Publication Date


Document Type


Committee Members

Ion Juvina, Ph.D. (Advisor); Joseph W. Houpt, Ph.D. (Committee Member); Valerie L. Shalin, Ph.D. (Committee Member); Zheng Xu, Ph.D. (Committee Member)

Degree Name

Doctor of Philosophy (PhD)


Counterfactual reasoning can be used in task-switching scenarios, such as design and planning tasks, to learn from past behavior, predict future performance, and customize interventions leading to enhanced performance. Previous research has focused on external factors and personality traits; there is a lack of research exploring how the decision-making process relates to both task-switching and counterfactual predictions. The purpose of this dissertation is to describe and explain individual differences in task-switching strategy and cognitive processes using machine learning techniques and linear ballistic accumulator (LBA) models, respectively, and apply those results in counterfactual models to predict behavior. Applying machine learning techniques to real-world task-switching data identifies a pattern of individual strategies that predicts out-of-sample clustering better than random assignment and identifies the most important factors contributing to the strategies. Comparing parameter estimates from several different LBA models, on both simulated and real data, indicates that a model based on information foraging theory that assumes all tasks are evaluated simultaneously and holistically best explains task-switching behavior. The resulting parameter values provide evidence that people have a switch-avoidance tendency, as reported in previous research, but also show how this tendency varies by participant. Including parameters that describe individual strategies and cognitive mechanisms in counterfactual prediction models provides little benefit over a baseline intercept-only model to predict a holdout dataset about real-world task switching behavior and performance, which may be due to the complexity and noise in the data. The methods developed in this research provide new opportunities to model and understand cognitive processes for decision-making strategies based on information foraging theory, which has not been considered previously. The results from this research can be applied to future task-switching scenarios as well as other decision-making tasks, both in a laboratory setting as well as the real-world, and have implications for understanding how these decisions are made.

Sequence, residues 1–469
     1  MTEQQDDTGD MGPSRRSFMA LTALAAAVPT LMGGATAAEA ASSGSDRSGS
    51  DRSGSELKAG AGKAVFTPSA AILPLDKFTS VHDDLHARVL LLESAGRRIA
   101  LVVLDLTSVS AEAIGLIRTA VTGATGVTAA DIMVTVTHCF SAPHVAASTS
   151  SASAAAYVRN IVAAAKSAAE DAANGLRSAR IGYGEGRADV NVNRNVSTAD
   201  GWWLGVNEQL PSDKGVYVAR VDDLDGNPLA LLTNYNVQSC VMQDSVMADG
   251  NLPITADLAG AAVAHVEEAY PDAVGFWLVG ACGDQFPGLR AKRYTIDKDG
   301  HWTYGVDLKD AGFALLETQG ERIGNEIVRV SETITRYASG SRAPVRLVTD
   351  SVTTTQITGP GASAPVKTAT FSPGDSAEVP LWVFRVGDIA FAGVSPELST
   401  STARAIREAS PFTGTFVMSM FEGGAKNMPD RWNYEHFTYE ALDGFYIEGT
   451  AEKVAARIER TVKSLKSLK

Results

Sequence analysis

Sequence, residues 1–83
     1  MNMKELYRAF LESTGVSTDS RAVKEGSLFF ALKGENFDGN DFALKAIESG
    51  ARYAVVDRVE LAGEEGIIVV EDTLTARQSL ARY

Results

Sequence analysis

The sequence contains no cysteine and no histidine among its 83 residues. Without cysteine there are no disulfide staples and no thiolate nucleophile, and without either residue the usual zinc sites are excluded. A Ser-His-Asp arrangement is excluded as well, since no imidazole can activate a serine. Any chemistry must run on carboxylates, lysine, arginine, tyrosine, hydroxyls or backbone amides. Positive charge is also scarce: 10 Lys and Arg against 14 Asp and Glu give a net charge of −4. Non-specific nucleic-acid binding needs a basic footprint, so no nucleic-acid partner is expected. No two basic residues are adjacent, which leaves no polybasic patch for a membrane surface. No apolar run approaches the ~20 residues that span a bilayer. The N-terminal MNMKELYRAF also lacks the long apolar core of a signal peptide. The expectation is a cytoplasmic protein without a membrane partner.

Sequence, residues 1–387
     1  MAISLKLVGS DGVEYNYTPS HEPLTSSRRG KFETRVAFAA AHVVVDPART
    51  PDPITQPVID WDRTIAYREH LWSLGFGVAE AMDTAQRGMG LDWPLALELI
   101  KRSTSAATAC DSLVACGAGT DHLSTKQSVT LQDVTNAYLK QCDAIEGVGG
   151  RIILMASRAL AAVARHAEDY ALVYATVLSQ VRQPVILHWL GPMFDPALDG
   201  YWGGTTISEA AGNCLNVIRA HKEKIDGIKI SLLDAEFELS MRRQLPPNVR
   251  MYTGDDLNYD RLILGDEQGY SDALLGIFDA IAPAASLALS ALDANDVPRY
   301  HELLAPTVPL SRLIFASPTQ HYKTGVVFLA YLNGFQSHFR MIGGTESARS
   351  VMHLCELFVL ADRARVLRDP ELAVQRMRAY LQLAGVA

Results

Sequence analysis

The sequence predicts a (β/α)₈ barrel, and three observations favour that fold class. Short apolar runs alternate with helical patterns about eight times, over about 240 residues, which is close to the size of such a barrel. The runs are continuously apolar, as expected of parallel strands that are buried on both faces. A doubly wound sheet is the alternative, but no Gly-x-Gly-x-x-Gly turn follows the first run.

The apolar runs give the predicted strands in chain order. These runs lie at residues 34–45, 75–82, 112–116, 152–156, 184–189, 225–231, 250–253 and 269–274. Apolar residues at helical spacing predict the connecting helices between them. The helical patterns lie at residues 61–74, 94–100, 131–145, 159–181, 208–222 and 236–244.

Page Count


Department or Program

Department of Mathematics and Statistics

Year Degree Awarded